World leaders call pandemic ‘greatest test of solidarity in generations’

In a joint appeal, six world leaders called for more multilateral cooperation as a recipe to overcome global challenges and steer the world towards recovery.

In a joint commentary, published in several languages and countries, they said there was an “opportunity to rebuild consensus for an international order based on multilateralism and the rule of law through efficient cooperation, solidarity and coordination.”

French President Emmanuel Macron, German Chancellor Angela Merkel, UN Secretary-General Antonio Guterres, Senegalese President Macky Sall, European Commission President Ursula von der Leyen and European Council President Charles Michel all signed off on the letter. It was published midnight Wednesday Central European Time, or late Tuesday in some of the world.

The leaders said that over the last few decades two major crises — the coronavirus pandemic more recently and climate change more generally — had impeded societies and common policy frameworks, “casting doubt on our capacity to overcome shocks, address their root causes, and secure a better future for generations to come.”

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They added that at the same time, both problems served as a reminder of how interdependent the world was and how intertwined its problems could be.

Only as strong as weakest health system

Calling the COVID-19 crisis “the greatest test of global solidarity in generations,” the leaders urged for a strong and harmonized international retaliation to the pandemic that increases the scope for access to tests, treatments and vaccines.

“It has reminded us of an obvious fact: in the face of a pandemic, our health safety chain is only as strong as the weakest health system. COVID-19 anywhere is a threat to people and economies everywhere,” the statement said.

In their bid to promote cooperation, the leaders extended their support to the Access to COVID-19 Tools (ACT) Accelerator, a global platform launched by the World Health Organization and G20 partners last year.

“In the longer term, we also need an independent and comprehensive evaluation of our response to draw all the lessons of this pandemic and better prepare for the next one. The WHO has a central role to play in this process,” the appeal read.

Appeal for next steps on climate

Talking about climate change, the leaders said it was necessary to step up efforts to make economies around the world more sustainable, ahead of the UN Climate Change Conference (COP26) in Glasgow in November.

“By early 2021, countries accounting for more than 65% of global greenhouse-gas emissions are likely to have made ambitious commitments to carbon neutrality.” the statement said.

“All national governments, businesses, cities, and financial institutions should now join the global coalition for reducing CO2 emissions to net zero according to the Paris climate agreement – and start implementing concrete plans and policies.”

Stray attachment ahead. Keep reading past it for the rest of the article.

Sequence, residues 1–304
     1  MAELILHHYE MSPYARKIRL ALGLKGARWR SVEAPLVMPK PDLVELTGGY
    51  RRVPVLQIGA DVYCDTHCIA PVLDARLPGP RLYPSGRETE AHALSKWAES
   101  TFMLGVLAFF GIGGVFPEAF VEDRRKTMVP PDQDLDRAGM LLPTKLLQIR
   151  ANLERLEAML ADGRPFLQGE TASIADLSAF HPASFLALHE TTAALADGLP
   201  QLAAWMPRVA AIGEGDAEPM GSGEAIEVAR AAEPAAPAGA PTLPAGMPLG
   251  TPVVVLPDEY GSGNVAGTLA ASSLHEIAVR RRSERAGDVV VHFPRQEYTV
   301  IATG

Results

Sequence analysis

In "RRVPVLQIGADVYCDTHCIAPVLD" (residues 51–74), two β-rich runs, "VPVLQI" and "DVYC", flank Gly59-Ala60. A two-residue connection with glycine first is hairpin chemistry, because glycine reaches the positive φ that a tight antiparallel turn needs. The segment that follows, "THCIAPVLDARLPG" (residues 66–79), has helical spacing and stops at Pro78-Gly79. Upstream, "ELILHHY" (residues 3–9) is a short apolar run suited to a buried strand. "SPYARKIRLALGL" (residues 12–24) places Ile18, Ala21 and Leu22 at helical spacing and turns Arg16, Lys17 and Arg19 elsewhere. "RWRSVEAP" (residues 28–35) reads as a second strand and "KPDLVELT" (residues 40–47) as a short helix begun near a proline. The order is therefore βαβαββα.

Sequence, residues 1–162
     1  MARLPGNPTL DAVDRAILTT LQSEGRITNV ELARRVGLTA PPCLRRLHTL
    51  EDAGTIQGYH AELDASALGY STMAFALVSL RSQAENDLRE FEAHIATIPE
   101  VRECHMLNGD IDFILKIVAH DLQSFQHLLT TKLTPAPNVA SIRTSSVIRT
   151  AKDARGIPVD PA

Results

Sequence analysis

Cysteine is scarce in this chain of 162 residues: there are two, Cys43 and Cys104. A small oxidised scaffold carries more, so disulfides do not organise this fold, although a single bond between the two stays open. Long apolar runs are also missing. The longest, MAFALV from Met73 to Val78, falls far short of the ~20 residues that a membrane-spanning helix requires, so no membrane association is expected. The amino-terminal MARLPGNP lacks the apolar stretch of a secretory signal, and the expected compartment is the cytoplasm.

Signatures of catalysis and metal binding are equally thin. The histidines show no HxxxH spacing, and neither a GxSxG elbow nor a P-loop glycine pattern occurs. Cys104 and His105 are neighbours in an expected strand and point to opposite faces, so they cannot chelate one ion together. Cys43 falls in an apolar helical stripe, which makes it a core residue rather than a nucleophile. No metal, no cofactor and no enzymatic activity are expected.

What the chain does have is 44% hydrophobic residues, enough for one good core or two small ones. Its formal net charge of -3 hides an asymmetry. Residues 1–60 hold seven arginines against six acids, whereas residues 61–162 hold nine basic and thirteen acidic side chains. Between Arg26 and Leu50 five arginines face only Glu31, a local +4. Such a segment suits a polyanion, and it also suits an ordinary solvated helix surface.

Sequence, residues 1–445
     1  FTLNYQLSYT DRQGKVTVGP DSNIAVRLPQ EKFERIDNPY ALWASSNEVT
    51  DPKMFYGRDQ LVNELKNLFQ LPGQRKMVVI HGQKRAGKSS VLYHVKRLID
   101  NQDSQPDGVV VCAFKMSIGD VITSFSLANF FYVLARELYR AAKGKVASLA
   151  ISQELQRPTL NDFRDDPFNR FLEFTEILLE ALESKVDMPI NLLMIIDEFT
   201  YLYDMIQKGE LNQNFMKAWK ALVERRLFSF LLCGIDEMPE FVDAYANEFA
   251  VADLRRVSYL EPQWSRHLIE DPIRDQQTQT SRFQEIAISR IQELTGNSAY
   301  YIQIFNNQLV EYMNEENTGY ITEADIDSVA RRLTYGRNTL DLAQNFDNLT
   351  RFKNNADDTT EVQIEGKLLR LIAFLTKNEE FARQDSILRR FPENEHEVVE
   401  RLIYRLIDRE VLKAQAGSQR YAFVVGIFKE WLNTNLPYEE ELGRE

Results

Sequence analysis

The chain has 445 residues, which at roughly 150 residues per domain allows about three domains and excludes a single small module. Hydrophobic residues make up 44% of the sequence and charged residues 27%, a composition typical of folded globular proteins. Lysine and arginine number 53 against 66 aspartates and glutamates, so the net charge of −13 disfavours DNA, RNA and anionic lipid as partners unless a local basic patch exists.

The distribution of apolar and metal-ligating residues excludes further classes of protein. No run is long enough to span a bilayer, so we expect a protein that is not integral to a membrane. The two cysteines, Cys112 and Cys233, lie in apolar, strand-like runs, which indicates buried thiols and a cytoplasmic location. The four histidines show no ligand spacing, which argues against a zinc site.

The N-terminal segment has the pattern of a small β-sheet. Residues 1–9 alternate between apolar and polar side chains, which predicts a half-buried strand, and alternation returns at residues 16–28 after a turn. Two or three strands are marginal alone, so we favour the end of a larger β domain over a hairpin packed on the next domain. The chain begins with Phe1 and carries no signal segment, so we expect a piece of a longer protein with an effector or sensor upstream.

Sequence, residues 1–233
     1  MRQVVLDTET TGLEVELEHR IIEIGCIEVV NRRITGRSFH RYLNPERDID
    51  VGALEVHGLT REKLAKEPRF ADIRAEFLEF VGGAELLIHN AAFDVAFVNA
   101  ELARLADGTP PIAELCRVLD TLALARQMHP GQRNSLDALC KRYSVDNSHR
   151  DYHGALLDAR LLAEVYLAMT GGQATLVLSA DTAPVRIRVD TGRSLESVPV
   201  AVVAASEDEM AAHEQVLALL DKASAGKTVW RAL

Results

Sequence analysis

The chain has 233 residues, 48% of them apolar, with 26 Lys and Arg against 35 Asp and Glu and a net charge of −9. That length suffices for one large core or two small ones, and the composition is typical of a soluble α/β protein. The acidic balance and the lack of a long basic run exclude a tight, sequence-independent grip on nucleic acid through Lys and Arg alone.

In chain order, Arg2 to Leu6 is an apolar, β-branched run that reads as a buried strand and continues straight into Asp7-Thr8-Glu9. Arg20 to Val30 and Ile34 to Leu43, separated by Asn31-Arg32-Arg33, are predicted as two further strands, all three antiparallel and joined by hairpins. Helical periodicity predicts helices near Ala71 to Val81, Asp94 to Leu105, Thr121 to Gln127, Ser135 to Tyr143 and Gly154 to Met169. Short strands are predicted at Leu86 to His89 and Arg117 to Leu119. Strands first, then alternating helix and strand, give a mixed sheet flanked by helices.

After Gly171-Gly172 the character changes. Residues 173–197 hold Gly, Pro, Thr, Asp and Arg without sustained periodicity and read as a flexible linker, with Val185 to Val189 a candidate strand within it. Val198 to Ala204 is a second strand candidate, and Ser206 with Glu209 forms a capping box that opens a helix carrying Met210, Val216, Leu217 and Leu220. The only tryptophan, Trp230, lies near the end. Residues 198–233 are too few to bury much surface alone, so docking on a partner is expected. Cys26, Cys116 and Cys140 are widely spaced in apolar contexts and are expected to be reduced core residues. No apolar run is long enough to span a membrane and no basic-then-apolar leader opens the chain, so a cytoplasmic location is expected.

Ensuring global recovery reaches everybody

The statement said that the pandemic has led to the world’s worst economic upheaval since World War II and that it was a prime priority to restore a strong and stable global economy.

They argued for bolstering the World Trade Organization and tapping the potential of international trade to hasten economic recuperation.

“As we help our economies overcome the worst recession since 1945, it remains our core priority to ensure rules-based free trade as an important engine of inclusive, sustainable growth,” they said.

The leaders said that while globalization and international cooperation had helped billions out of poverty, nearly half the global population was still toiling to meet basic needs. They also noted that the pandemic directly put at risk the considerable gains combating poverty in recent years, as well as other societal advances like improved school access for children and girls in particular.

The joint statement called for enhanced support to developing countries, notably Africa, by building on and going beyond existing global partnerships to ensure that global recovery reaches everybody.

They also said that while new technologies had been an important asset for progress and inclusion, there was a need to build on the existing capabilities and to involve stakeholders toward regulating the internet in order to ensure a safe, free, and open digital environment for all.

“To meet these challenges, multilateralism is not just another diplomatic technique. It shapes a world order and is a very specific way of organizing international relations based on cooperation, the rule of law, collective action, and shared principles.” the statement said. “Rather than pitting civilizations and values against one another, we must build a more inclusive multilateralism, respecting our differences as much as our common values enshrined in the Universal Declaration of Human Rights.”

The letter made no specific mention of the US, or the recent change of occupancy in the White House. But global and particularly European appeals for redoubled multilateralsim have abounded since Joe Biden took office.

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